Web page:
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The Peak TV bubble isn’t bursting quite yet.
According to a new FX study, the total number of English-language scripted originals released in 2017 hit a new high, growing 7 percent to 487 (up from 455 in 2016). As has been the case in the past four years, subscription-video-on-demand platforms like deep-pocketed Netflix and Amazon led the charge, growing from 90 in 2016 to 117 last year. That’s more than double the 49 total series on the streaming services in 2015.
“Without a crystal ball, I think it’s highly likely we top 500 [in 2018] because the increases in the last three years have been 9 percent, 8 percent and 7 percent, year-over-year,” FX CEO John Landgraf, who coined the term “Peak TV,” tells The Hollywood Reporter. “With 487, you only have to increase 2.7 percent off this year’s total to hit 500. It seems like it’s more likely that you’re going to get to 520.”
To his point, Netflix is expected to spend another $8 billion on scripted originals in 2018, while Amazon — which is paying $250 million for global rights for a Lord of the Rings TV series — is forecast to spend more than $4.5 billion. Hulu, the first streamer to win a best drama Emmy (for The Handmaid’s Tale), will spend $2.5 billion on originals this year.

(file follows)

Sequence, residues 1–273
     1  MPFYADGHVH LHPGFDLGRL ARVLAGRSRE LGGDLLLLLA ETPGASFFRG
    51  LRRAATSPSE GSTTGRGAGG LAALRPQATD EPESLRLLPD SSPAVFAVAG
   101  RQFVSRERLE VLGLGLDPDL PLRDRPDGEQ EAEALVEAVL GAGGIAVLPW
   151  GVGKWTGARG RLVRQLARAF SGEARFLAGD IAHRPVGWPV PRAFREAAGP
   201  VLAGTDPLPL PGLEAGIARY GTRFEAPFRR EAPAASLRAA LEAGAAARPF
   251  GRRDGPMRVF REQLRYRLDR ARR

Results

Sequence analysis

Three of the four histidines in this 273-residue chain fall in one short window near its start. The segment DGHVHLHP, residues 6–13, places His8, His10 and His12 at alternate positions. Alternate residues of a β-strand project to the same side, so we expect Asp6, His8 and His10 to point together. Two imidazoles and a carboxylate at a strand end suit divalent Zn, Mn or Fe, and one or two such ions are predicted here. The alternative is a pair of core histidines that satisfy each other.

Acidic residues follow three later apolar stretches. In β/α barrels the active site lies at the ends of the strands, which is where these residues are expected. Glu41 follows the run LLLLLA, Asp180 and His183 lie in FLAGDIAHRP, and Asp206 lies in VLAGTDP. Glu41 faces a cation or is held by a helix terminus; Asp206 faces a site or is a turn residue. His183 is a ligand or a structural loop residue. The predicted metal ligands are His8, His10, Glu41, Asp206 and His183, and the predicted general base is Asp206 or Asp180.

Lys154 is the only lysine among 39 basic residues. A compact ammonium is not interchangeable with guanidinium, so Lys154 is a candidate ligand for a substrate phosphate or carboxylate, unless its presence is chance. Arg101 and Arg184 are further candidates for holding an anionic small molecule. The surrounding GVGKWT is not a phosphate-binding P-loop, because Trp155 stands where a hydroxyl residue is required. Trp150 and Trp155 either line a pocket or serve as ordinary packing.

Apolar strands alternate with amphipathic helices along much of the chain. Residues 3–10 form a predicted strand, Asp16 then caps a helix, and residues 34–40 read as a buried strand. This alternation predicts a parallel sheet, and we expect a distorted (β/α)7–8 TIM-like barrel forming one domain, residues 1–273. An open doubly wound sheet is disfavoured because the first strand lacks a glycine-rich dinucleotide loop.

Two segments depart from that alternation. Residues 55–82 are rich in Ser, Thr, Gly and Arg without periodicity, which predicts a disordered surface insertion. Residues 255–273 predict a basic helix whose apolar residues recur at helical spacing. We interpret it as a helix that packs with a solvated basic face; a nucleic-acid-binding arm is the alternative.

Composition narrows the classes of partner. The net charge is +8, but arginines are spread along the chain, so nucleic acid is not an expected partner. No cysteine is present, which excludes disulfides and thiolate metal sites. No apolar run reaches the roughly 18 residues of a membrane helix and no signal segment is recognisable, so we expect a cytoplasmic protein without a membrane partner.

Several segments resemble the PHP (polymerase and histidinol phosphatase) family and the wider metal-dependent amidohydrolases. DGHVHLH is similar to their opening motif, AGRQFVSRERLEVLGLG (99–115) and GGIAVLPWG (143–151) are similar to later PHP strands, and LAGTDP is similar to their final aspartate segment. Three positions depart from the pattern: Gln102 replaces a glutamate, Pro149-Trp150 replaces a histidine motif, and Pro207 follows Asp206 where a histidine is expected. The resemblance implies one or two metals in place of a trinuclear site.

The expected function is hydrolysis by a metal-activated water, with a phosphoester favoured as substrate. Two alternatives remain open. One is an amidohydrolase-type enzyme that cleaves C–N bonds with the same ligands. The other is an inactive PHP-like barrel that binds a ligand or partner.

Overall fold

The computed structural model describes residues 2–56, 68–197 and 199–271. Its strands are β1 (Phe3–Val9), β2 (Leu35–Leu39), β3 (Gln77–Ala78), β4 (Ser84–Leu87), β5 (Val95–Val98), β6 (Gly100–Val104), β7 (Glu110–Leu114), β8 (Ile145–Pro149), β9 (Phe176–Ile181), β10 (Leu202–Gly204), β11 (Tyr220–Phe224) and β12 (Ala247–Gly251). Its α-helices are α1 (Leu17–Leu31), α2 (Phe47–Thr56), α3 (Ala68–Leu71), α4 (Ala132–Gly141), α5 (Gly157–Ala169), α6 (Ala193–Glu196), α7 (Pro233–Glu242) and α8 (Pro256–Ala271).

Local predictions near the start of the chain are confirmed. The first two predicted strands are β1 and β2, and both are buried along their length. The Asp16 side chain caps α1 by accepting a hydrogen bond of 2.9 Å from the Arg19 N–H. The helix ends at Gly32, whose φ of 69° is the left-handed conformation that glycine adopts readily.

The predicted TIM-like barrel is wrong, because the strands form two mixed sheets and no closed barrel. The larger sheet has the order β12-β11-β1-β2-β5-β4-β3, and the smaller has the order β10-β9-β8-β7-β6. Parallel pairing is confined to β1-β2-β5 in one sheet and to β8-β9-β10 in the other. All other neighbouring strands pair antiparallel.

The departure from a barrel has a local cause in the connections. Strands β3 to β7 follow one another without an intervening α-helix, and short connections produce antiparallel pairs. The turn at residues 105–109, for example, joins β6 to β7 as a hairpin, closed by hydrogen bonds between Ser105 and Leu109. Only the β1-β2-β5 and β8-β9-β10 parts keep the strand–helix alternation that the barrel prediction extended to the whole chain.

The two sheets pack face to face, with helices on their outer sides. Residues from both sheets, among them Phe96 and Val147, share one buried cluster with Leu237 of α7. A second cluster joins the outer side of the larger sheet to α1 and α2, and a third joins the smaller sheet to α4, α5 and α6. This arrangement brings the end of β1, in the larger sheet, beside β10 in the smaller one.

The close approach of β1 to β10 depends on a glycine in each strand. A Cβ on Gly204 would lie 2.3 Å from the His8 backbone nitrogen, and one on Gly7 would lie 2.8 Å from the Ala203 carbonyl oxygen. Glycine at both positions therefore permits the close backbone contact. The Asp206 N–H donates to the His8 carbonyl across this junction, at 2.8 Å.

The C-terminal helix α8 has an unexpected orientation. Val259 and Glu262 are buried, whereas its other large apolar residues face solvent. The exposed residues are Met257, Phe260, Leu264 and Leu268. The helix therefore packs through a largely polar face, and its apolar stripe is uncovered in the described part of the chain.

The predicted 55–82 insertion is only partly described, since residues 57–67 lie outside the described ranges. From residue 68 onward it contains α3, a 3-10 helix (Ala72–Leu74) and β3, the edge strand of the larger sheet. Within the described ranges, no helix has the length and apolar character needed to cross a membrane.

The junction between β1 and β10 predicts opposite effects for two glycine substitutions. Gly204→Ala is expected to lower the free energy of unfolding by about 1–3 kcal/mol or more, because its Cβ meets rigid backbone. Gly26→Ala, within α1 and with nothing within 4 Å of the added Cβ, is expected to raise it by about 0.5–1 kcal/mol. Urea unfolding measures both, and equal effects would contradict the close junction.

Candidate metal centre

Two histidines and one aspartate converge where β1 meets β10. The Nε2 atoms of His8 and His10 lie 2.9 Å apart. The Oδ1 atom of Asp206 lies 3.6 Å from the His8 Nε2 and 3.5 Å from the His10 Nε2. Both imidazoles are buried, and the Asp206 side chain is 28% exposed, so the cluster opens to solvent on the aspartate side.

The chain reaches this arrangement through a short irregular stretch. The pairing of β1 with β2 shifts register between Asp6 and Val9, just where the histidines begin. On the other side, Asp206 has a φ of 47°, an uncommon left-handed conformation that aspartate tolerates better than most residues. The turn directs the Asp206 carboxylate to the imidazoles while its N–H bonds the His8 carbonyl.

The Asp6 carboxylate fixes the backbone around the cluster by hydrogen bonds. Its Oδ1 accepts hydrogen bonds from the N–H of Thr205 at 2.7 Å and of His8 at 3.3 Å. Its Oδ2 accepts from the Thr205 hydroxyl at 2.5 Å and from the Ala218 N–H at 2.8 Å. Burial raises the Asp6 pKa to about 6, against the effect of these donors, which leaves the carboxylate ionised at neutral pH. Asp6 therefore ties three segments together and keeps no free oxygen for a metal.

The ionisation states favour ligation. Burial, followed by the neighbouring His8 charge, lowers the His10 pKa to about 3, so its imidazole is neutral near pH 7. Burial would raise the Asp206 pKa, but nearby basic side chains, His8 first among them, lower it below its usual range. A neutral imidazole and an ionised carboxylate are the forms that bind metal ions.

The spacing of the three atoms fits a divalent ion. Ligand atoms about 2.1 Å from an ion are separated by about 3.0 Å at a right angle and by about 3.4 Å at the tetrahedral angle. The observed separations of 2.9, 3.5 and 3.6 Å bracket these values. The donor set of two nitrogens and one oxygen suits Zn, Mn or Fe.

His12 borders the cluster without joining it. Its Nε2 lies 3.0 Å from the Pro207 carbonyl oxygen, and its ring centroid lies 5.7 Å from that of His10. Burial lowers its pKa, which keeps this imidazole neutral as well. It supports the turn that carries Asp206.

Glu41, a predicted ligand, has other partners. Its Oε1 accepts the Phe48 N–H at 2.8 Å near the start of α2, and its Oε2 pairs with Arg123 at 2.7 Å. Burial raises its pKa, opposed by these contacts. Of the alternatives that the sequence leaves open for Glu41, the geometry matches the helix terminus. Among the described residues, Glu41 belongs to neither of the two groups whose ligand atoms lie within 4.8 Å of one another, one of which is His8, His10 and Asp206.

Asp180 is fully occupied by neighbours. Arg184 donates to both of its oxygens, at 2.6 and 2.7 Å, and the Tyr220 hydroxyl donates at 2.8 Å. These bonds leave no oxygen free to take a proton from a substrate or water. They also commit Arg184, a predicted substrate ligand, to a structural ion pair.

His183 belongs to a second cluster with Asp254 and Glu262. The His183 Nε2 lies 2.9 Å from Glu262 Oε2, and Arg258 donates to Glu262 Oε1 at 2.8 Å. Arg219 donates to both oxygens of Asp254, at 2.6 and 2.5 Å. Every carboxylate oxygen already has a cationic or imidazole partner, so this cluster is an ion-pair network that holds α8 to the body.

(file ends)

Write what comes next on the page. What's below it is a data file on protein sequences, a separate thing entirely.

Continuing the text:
“Virtually all the growth is and will be coming out of streaming services,” Landgraf says. “Everybody is going to try to maintain their investment posture as much as they can, but the traditional channels and brands are being held to a different standard of accountability than the streamers in terms of the cost of and return on capital.”
And then there’s Apple, entering the scripted space with a $1 billion budget. For its first series, a morning-show drama, it’s said to be paying $1 million an episode to stars Jennifer Aniston and Reese Witherspoon. The tech giant’s slate also includes an Amazing Stories reboot and a space drama from Battlestar Galactica‘s Ron Moore.
Meanwhile, Landgraf believes broadcast and basic and premium cable are either at or near their peak. For the second year in a row, basic cable saw fewer new series (from 183 to 175 in 2017) as outlets like WGN America and A&E exited the scripted space. Broadcast and premium content have grown modestly over the past four years, with the former clocking in at 153 originals in 2017, up from 146, and the latter 42, up from 36.
And for every platform that leaves the scripted business, a new one — like Facebook — enters it as Landgraf says the total number of brands producing originals continues to hover around 77.
A version of this story first appeared in the Jan. 10 issue of The Hollywood Reporter magazine. To receive the magazine, click here to subscribe.
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